Patient / Provider Relationships

This page features stories of the relationships between patients and their providers or caregivers, and how those relationships influence health successes, end of life decisions, and other life changing moments. Listen to these stories, visit our Featured Stories page, or search for stories by topic or by location.


Theresa – Alamosa, CO

Theresa - Alamosa, COTheresa, of Alamosa, shares a deeply personal story about losing her daughter. In her story, she recalls the importance of small moments between her family and the hospital nurses that had a long lasting impact.

“The reason I got into the health care field is that through losing her .. I watched what the nurses did and [thought] that’s what I wanted to do with my life. I wanted to be there when people were going through the hard times.”


Jess – Denver, CO


Growing up going to a sleep-away camp, camp nurses played an important role in Jess’s life. She talks about how their immersion in campers’ and staff members’ everyday activities helped teach kids that health care professionals are “real people” too.

“There’s a lot of talk now about medical homes and integrated care… all of these buzz words. I think the camp nurse is the prime example of when this works best, because they’re living with you!”


Michele – Weld County. CO

MIchele - Weld County, COMichele is a nurse from Weld County.  She shares a story about the relationship between nurses and the families of their patients.

“I thought, how unique, both nurse and family member used the same exact words, but they were coming from a 180 degrees difference in how they felt this patient should be treated.”


Jennifer – Westminster, CO

Jennifer - Westminster, CO

Jennifer, of Westminster, shares her health story. After a car accident, Jennifer struggled with migraines, back pain, depression and anxiety. She describes the difficulties not being able to care for  her family and the impact integrated care had on her recovery.

“It was very very depressing for me to go from being very active to being … just … bedridden. It was debilitating.”


Pat – Basalt, CO

Pat - Basalt, CO

Pat, of Basalt, shares his health story. After a tragic spinal cord injury he became depressed and turned to alcohol. Under the careful eye of his primary care physician, Pat connected with a trainer, nutritionist, and behavioral health coach. The integrated approach helped Pat reach goals and set new sights for his future.

“I’ve gone from a single bike path where I would fall off every three steps, to now I feel like I’m navigating a six lane highway and the group is my bumper guards.”


Katie – Lamar, CO

Katie - Lamar, COKatie, of Lamar, shares her health story. After her husband’s passing, she struggled with grief, depression, and substance abuse. Fortunately, Katie now has an excellent relationship with her therapist and is doing much better.

“I got connected with my therapist, my substance abuse therapist, through my domestic violence therapist and my doctor… We’ve talked over some stuff I’ve never told anybody.”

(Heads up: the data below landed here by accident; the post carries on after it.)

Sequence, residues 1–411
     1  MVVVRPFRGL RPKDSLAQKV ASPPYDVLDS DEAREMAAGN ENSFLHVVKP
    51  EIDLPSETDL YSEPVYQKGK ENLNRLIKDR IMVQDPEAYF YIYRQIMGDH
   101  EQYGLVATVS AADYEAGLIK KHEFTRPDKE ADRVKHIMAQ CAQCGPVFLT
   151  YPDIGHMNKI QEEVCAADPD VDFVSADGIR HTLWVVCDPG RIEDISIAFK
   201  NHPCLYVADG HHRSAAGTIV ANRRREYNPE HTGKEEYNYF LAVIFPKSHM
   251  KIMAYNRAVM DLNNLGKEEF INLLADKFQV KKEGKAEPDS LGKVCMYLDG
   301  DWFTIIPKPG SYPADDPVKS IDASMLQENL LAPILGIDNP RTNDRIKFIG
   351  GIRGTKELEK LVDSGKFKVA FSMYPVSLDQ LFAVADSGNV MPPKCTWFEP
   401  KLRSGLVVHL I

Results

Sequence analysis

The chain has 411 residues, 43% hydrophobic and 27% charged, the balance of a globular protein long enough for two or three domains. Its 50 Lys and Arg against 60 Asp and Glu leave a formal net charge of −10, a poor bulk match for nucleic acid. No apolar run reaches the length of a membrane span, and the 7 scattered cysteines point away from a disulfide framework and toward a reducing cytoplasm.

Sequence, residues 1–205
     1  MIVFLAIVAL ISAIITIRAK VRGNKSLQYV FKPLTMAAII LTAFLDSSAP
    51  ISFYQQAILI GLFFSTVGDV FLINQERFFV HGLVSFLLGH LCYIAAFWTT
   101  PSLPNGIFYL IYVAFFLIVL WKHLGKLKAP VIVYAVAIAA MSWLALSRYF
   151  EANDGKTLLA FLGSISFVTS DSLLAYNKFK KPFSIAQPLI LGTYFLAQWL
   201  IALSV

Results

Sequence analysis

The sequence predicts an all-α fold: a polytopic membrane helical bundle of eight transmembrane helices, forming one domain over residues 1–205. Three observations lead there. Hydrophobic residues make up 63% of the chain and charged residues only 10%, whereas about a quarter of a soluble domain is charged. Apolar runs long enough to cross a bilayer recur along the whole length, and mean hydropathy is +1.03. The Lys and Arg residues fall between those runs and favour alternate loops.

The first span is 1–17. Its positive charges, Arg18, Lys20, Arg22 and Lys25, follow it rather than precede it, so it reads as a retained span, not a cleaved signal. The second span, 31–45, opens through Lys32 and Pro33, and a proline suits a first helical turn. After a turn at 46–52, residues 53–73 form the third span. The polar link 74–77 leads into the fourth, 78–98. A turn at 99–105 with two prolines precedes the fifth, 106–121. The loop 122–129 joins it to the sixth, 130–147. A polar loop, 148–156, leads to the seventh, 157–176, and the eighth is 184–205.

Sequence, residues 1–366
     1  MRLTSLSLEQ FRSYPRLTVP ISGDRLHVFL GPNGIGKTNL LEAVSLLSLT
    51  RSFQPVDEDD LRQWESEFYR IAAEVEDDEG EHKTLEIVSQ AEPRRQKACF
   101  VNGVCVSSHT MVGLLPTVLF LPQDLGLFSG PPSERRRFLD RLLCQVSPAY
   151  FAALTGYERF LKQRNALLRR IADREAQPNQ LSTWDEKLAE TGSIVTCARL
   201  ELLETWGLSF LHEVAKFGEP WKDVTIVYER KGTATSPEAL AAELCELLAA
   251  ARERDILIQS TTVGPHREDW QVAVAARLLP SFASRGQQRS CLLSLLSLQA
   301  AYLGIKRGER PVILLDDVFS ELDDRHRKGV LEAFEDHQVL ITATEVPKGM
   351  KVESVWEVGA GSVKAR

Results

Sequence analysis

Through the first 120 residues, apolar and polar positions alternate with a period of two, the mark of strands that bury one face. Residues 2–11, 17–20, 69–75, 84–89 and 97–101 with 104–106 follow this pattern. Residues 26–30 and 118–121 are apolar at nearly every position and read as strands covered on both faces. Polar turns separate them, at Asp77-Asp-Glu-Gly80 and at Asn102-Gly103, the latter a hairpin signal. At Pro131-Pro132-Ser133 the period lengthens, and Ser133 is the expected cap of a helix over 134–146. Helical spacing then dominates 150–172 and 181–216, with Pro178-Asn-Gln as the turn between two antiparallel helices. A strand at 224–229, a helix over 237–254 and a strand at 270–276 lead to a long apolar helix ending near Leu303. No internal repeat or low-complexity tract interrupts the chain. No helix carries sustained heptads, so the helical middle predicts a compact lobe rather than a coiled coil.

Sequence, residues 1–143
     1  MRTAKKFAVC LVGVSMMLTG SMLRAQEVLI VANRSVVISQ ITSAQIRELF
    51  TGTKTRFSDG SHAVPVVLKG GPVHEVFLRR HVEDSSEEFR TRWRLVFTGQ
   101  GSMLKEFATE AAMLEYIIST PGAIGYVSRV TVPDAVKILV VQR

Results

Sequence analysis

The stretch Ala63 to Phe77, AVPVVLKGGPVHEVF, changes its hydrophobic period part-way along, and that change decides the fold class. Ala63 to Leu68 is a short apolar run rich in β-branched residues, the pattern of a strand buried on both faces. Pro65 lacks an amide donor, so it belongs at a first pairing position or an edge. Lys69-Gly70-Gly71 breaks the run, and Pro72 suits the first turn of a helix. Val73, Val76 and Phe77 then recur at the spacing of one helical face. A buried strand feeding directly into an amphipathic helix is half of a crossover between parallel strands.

Sarah – Colorado Springs, CO

Sarah - Colorado Springs, COSarah, a behavioral health provider in Colorado Springs, describes integrated care in her geriatric clinic. At their clinic, they have worked to tweak the “co-visit” to help both patients and their families.

“Her family [wasn’t] understanding how she was experiencing the world. And the provider and I were able to say medication isn’t going to do anything. And that united front really helped that family to understand.”

Carolyn and William

Carolyn & William – Chaffee County

Carolyn_William_SqaureCarolyn, a resident of Chaffee County, was in need of finding a provider that could help rehabilitate her body.   She is referred to William, a massage therapist in Chaffee County, and not only does she begin to regain physical mobility but she experiences personal growth.

William: “One day Carolyn said to me, ‘William, why do you work so hard on me?’…and I said, ‘Carolyn, I believe in you!’ And she came back with the zinger…
Carolyn: “My response was, ‘Well, you’re making me start to believe in myself.”


Sandie – Ft. Collins, CO

Sandie - Fort Collins, CO

Sandie, of Fort Collins, shares her personal transformation story. After years of yo-yo dieting and unhealthy habits, Sandie was able to lose more than 50 lbs and get off both her cholesterol and blood pressure medication. With her employer’s support, a weight counselor, friends and family, and a trainer, Sandie is supported on her journey to wellness.

“It took me several years to decide that I wanted to really do something about my weight… I found the quick fix wasn’t ideal for me.”


Clint – Fort Collins, CO

Clint - Fort Collins, CO

Clint, a City of Fort Collins employee, shares his journey to a healthier lifestyle after being diagnosed with high blood pressure and cholesterol in his twenties.

“Because, with me, you couldn’t have forced me to do it until I was ready…and for me it was really being scared.  It was like, I can’t believe in my 20s, I’m on blood pressure medication, and they’re saying stroke and heart attack in my 30s.  It scared me.”


Karen – Fort Collins, CO

Karen - Fort Collins, CO

Karen, a public health nurse in Larimer County, does home visits for new moms and babies on Medicaid.  She recalls the story of how she helped a family recover after the loss of their baby.

“I struggled with why this outcome was the way it was, if I felt like I got there in time, but I think I saved this family a lot of grief with child protection.  If this baby would have died at home, I think they would not have been able to forgive themselves; that there was something they had done.”


Michelle – Colorado Springs, CO

Michelle - Colorado Springs, CO

Michelle is a Physician Assistant at a clinic in Colorado Springs who discusses her commitment to “whole person” care. She shares a particular story about treating a woman from this holistic perspective, the impact it had on her patient’s life.

“It was nice to see that a lot of different aspects could come together and really make a person feel whole in themselves.”


John – Durango, CO

John - Durango, CO